OOCL Profits Swamped in the Wake of Bigger Ship’s Cascading Effect

OOCL Orient Overseas Container Line
File image courtesy OOCL

By Mike Wackett

Hong Kong-based OOIL saw its net profit slashed by 84% in 2013, compared with the previous year, to $47m as the influx of ultra-large containerships onto the Asia-Europe trade lane displaced a number of post-panamax vessels onto other routes.

OOCL has in the past been protected from most of the ills suffered by its peers predominately serving Asia-Europe as the troubled trade only represents about 16% of the carrier’s total throughput, compared with 54% for intra-Asia and intra-Australasia and 23% on the transpacific.

Chairman of parent group OOIL, CC Tung explained: “The deployment of the largest newbuildings to the Asia-Europe trade triggered cascading into the transpacific trade, which in turn further displaced a considerable number of mid-sized ships to other trade lanes.

“This cascading effect brought considerable excess capacity to the intra-Asia and Australasia trades as well as the transpacific trade, and added volatility to the market.”

OOCL’s total liftings for the year increased by 1.5% on 2012, to 5.3m teu, with a “steady load factor” of 73%, but revenue declined 4% to $6.2bn, reflecting the damage caused by excess capacity across all trade lanes.

Revenue declined on every trade the carrier operated in last year: down 11.4% on Asia-Europe; 6.8% on the transatlantic; 3.4% on the transpacific; and 2.1% on intra-Asia/Australasia.

Mr Tung added: “Seaborne trade growth for the liner industry was subdued in 2013.  Freight levels were disappointing, especially during the first half of the year. During the second half of the year, both physical cargo movement and sentiment improved, resulting in a slightly better freight market.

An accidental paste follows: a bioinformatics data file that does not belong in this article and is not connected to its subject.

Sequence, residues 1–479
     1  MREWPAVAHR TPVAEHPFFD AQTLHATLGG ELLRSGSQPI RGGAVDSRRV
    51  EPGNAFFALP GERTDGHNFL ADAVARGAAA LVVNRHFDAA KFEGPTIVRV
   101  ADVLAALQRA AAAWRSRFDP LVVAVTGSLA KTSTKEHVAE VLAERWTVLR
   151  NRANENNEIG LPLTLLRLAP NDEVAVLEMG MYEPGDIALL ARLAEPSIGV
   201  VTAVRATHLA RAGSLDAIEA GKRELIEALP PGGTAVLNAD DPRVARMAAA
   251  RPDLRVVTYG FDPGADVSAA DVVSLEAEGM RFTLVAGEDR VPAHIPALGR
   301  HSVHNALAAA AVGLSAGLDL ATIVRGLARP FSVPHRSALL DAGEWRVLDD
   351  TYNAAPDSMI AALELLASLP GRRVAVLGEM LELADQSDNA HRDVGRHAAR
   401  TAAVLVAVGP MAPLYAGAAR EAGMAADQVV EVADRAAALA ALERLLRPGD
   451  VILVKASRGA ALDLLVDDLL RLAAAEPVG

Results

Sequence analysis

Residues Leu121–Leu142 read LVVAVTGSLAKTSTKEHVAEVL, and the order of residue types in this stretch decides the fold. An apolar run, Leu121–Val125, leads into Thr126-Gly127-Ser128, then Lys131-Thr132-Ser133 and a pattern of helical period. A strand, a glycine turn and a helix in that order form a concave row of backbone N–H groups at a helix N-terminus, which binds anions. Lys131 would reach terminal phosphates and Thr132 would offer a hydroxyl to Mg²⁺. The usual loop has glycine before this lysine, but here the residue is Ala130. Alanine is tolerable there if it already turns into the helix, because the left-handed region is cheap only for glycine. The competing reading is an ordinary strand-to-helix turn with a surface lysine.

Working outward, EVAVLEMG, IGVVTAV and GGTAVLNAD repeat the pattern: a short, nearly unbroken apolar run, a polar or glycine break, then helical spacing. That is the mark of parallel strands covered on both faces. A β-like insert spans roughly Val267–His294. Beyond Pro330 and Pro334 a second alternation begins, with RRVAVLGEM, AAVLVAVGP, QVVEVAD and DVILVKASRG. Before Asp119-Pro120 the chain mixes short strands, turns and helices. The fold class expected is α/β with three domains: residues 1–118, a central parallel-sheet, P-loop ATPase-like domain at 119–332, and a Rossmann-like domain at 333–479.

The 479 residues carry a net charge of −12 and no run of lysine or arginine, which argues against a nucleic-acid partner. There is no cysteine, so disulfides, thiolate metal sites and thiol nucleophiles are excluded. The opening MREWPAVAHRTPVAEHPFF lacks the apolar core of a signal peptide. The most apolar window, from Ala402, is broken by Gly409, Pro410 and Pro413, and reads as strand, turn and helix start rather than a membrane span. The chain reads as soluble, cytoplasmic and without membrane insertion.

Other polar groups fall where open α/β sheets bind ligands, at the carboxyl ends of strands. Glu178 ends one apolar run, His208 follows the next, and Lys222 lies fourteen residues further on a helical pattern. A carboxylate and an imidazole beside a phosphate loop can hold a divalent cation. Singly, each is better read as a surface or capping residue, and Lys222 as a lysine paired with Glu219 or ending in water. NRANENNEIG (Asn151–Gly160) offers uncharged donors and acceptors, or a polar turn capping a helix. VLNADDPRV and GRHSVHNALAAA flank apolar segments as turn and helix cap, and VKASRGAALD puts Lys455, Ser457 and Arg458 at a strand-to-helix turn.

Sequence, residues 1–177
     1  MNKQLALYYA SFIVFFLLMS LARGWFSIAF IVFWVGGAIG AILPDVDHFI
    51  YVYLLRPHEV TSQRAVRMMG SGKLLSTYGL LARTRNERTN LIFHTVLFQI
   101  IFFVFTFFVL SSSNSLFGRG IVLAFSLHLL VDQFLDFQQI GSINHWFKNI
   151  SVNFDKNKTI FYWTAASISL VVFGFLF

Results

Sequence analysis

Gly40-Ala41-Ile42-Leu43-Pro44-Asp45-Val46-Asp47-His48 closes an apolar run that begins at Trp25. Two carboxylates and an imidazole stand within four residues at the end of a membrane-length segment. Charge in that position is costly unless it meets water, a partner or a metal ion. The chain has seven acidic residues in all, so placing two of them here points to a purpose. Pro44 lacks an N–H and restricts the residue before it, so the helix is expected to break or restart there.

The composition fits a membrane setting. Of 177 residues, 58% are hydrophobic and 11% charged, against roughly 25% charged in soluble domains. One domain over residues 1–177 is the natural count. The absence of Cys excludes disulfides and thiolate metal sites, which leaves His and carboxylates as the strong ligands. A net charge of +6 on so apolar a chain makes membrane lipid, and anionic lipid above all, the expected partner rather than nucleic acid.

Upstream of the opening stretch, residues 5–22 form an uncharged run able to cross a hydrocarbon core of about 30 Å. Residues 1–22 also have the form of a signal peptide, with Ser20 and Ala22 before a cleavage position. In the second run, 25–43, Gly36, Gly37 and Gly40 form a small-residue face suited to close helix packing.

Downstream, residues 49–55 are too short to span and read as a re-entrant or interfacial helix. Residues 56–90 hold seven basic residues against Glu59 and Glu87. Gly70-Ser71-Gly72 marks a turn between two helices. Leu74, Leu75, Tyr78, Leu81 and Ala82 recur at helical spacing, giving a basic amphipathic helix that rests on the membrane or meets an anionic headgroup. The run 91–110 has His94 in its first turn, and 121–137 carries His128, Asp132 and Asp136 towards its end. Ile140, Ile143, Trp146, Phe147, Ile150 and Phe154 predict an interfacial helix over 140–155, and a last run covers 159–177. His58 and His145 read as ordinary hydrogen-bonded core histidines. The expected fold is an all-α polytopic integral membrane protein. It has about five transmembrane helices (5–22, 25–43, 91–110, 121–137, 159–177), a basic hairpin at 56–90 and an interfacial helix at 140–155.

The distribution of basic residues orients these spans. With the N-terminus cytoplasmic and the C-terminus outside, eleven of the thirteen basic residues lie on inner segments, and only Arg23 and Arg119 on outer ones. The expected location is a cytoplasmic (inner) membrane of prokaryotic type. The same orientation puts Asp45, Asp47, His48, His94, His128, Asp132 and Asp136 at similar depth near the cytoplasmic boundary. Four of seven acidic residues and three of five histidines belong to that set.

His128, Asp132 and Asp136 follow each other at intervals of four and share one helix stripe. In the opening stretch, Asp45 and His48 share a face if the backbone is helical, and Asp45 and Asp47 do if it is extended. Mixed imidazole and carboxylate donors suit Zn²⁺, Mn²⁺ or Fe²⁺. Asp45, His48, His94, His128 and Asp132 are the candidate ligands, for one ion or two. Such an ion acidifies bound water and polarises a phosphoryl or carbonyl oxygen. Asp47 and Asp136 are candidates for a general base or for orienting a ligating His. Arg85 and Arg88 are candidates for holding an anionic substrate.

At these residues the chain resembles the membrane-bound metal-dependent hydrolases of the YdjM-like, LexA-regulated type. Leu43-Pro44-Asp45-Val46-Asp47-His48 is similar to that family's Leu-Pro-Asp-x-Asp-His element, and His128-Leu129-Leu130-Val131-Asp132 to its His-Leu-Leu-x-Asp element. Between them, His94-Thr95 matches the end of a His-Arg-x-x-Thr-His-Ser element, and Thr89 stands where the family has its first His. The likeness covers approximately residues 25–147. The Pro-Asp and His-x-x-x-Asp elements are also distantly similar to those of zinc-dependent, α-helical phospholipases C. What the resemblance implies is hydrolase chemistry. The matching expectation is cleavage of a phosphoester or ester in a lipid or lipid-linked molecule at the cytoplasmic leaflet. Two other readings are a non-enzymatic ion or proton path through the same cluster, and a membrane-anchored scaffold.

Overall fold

“Although container shipping demand growth in 2013 was lower than forecasts, capacity supply growth was also lower than forecast, which helped contribute to a much-needed recovery in rates, albeit mild, during the second half of the year.”

OOIL does not expect the container liner industry’s nemesis, overcapacity, to disappear overnight, but took a bullish tone about the future.

Mr Tung said: “In 2014, it is anticipated that further tonnage growth will lead to continued overcapacity.  It is forecasted, however, that the demand growth in 2014 will outpace that of 2013.

“With the US recovery now a consensus, Eurozone recovery on more solid ground, and the current Chinese and Japanese economic growth trajectory, a healthier trade outlook should be expected despite recent uncertainty on emerging markets.  This is especially true on the major east west trades.

“Indeed, such development should mean improved outlook for the transpacific, Asia-Europe and intra-Asia trades and more positive results for the industry as a whole.”

OOCL, like most of its rivals, is banking on the economies of scale provided by its ultra-large container vessels to bring it through the problems of the past few years, and will receive two more 13,208teu ships this year to complement the eight delivered in 2013.

“In 2014, the group shall see the full year effect of the mega-class newbuildings delivered in 2013, all of which were developed with the most advanced design and equipped with the latest technology.  A positive contribution of unit cost reduction and, given more favourable market conditions, an improvement in margin are therefore expected in the coming year,” Mr Tung concluded.